Voicing a lament common from governments at all levels since time immemorial, Louisiana State Representative Rob Shadoin (District 12) told last night’s meeting of the Lincoln Parish School Board (LPSB), “There’s not enough money to go around folks, and I know there’s some candidates that are spewing ‘well we don’t have a revenue problem, we have a spending problem.’ I disagree with that.”
He also decried the partisan atmosphere in Baton Rouge thus: “I saw early, early, the breaking out of certain people in both parties that seem to be more loyal and pledged allegiance to an ideology of a political party rather than Louisiana first.”
The legislature last spring enacted several new taxes, over the objection of the more conservative house members.
Shadoin voted mostly for the taxes, he said, because the alternative cuts would have been too drastic. He seemed also to be disillusioned with the process, saying “I think we age in dog years down there. I wanted to come home.”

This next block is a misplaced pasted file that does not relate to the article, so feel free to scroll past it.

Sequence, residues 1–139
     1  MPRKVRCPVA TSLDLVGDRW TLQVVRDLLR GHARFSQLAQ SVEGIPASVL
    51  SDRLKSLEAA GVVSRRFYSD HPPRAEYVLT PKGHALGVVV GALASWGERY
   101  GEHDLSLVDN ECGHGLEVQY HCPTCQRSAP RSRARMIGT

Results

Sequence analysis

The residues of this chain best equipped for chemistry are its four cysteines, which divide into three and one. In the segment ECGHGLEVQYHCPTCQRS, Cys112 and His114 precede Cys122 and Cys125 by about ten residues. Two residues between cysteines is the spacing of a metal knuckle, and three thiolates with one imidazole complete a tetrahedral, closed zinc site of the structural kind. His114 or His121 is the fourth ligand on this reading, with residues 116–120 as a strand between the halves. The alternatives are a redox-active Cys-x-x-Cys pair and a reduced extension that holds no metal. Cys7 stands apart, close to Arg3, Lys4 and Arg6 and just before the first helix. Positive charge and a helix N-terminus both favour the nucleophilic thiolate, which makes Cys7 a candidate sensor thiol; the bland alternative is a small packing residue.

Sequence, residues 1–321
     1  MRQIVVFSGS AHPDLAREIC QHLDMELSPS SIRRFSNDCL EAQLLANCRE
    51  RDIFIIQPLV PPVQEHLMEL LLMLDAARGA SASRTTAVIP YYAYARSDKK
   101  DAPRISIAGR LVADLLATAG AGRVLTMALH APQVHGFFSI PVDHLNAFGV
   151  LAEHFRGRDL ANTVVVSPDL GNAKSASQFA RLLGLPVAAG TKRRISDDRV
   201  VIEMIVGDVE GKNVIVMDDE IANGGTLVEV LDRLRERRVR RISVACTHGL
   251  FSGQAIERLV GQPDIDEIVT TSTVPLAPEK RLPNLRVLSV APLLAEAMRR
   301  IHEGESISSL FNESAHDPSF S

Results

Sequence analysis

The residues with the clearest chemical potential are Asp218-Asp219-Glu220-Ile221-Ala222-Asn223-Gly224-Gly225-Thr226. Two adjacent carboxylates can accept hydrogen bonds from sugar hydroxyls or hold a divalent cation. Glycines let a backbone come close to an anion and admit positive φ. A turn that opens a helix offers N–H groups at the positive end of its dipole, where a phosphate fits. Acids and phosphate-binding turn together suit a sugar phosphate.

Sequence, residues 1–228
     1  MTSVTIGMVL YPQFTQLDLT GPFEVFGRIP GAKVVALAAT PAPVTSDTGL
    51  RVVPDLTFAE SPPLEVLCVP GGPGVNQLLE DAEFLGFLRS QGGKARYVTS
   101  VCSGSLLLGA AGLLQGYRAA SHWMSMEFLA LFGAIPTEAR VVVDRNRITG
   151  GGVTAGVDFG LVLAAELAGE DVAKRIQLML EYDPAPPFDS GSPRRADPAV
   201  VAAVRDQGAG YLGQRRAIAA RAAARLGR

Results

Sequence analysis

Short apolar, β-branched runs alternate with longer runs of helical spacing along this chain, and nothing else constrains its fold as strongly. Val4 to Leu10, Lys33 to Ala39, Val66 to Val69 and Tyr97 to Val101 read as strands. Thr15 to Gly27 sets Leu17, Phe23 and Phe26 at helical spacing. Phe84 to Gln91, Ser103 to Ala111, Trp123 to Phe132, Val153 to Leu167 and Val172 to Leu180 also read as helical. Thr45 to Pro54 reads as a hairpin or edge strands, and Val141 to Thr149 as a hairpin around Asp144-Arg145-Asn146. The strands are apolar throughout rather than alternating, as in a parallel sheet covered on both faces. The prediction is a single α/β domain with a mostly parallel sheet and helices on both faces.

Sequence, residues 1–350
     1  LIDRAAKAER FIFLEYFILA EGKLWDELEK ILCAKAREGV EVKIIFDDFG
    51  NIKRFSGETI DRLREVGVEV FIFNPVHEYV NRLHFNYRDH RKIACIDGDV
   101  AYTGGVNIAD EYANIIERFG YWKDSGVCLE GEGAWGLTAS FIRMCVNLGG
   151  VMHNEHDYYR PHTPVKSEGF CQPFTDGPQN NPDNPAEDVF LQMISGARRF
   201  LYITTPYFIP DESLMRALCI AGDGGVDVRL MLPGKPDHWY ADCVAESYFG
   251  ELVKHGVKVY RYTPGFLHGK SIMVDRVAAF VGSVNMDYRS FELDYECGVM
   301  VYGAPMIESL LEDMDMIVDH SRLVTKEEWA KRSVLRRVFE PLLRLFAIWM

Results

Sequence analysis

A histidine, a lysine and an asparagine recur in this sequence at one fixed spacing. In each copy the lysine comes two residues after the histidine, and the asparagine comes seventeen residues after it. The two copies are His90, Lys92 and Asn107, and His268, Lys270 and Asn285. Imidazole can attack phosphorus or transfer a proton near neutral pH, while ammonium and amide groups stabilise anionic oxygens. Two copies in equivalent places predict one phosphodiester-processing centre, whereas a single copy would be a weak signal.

Next year’s session would be tough, Shadoin said, because the new taxes have a sunset provision and will have to re-voted again in the future.
Also at the meeting was Rep. Patrick Jefferson (District 11) who indicated that he would have voted for even more taxes.
Said Jefferson, “Many people said that we took several tough votes this past session. Well, you can repeat this, I didn’t take one tough vote.”
Shadoin and Jefferson were on the agenda to give a legislative update.
In school board business, the board voted to unanimously adopt the proposed 2016-2017 budget. In response to a question from this reporter, Business Manager George Murphy said that about 75 to 80 percent of the $80 million yearly is spent on payroll.